Andy Warhol in ‘Headlines’ at Washington’s National Gallery
Andy Warhol, the guru of Pop art, reveled in a lifelong obsession with newspapers, especially tabloids and their garish headlines. As a teenager, he saved pages with photos of his favorite Hollywood stars. Throughout his life he packed hundreds of newspapers into boxes he called “time capsules” to whet the fancy of the future. He collected scores of fraying clippings about himself in 34 scrapbooks. But most important, he used newspapers, especially the front pages, to model and inform some of the most important works of his fine art. It is hard to imagine Warhol the artist without his headlines.
Warhol’s news junkie obsession and its importance to his art are detailed with great care in a new exhibition at the National Gallery of Art in Washington titled simply “Warhol: Headlines.” The show, which closes Jan. 2, goes on to the Museum of Modern Art in Frankfurt in February, the National Gallery of Modern Art in Rome in June and the Andy Warhol Museum in his hometown of Pittsburgh in October 2012.
Unlike a retrospective of all the work of Warhol, the exhibition attempts to concentrate on a single aspect of the artist that, in fact, reveals a good deal about him. Curator Molly Donovan of the National Gallery says, “the theme enabled me to tell a tight and focused story ... that had not been understood before.” Donovan dates Warhol’s emergence as a fine artist to a series of newspaper canvases that he created in the early 1960s. Until then, he had devoted himself to advertising design (including a lucrative campaign for I. Miller shoes) and magazine illustration.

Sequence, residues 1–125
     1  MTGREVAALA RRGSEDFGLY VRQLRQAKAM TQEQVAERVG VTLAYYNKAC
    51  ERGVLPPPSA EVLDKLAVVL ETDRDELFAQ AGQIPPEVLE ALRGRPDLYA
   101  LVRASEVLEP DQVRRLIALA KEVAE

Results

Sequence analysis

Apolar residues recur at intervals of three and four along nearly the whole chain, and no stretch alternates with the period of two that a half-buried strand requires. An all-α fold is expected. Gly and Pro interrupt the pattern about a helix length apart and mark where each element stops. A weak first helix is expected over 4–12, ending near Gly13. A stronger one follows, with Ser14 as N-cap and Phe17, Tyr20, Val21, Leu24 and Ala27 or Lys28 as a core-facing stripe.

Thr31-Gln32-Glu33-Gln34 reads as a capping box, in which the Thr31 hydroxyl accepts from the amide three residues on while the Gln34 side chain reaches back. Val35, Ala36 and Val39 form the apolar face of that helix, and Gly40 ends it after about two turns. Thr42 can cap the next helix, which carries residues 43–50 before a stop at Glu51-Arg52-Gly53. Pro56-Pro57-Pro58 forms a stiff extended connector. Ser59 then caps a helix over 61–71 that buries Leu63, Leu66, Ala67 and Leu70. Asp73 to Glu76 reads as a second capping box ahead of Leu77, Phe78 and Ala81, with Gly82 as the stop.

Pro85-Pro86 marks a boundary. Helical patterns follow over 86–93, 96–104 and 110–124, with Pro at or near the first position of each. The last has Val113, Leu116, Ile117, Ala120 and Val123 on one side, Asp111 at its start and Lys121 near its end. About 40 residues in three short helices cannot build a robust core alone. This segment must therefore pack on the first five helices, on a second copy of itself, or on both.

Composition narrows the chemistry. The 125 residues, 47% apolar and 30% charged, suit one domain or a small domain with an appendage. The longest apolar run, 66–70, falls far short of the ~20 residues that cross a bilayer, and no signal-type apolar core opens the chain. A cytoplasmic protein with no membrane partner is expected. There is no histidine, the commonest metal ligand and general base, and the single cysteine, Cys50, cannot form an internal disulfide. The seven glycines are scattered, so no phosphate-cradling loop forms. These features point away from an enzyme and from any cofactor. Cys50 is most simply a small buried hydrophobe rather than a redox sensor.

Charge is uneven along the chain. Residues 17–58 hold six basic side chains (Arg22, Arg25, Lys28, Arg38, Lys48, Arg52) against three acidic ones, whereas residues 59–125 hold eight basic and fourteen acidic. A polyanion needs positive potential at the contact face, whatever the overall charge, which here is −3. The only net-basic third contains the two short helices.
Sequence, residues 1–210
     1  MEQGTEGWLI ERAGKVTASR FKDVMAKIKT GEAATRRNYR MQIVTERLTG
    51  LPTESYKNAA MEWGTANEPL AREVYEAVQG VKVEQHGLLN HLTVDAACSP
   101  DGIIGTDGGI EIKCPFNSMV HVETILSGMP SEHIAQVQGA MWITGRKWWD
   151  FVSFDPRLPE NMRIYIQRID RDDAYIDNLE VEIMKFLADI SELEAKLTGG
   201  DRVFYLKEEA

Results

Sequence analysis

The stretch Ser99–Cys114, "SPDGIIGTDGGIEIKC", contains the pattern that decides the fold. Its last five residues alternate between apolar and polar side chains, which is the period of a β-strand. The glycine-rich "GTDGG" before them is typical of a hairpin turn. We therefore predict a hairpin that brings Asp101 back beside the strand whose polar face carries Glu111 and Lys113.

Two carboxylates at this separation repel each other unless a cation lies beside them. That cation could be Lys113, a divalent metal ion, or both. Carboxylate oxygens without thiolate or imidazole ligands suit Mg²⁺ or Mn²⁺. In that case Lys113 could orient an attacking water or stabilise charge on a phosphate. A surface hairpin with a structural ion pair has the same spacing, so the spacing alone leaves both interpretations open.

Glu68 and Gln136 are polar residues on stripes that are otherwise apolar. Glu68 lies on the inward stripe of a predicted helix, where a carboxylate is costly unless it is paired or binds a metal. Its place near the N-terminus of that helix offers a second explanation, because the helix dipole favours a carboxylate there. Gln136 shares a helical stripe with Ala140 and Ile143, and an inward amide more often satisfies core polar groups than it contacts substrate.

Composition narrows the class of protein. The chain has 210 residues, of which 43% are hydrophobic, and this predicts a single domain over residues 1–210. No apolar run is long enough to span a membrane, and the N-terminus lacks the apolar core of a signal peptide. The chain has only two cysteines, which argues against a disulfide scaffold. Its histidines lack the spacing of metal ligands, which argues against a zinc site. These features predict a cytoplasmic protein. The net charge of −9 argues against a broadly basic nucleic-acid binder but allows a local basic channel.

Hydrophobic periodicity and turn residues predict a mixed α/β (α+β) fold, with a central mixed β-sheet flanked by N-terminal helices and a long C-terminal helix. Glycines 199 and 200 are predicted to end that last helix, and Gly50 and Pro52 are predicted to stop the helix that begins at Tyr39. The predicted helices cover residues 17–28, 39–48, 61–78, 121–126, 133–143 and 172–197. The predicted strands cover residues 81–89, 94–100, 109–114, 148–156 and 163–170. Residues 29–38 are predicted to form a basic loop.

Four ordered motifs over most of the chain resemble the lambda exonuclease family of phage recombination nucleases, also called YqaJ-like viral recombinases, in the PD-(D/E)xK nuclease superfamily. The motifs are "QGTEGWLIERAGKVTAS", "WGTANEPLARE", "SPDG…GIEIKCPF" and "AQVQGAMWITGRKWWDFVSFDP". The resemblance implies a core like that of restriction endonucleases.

In one 1962 canvas, “A Boy for Meg (2),” which belongs to the National Gallery, Warhol, using oil and egg emulsion, re-created the front page of the New York Post announcing a baby boy born to Princess Margaret of England. Margaret was a household name. Only a few years earlier she had given in to pressure from the British royal family and, while the world awaited her decision, finally agreed not to marry the divorced man she loved. She later wed a never-married suitor instead, and the New York Post was celebrating the birth of their first child. Both the tabloid and Warhol shared an excitement over celebrity.
Warhol’s rendition was not a simple reproduction. He inflated the front page on to a canvas 6 feet high and, while he attempted to include every detail, his pictures looked more like drawings than photographs. Warhol was often obscure while explaining his work. John Russell, a New York Times art critic, once wrote that “Warhol operates behind a mask of inarticulacy.” Yet Warhol seemed clear about mocking the notion that he served as no more than a mirror reproducing his subject matter. “I’m going to look into the mirror and see nothing,” he once said. “People are always calling me a mirror, and if a mirror looks into a mirror, what is there to see?”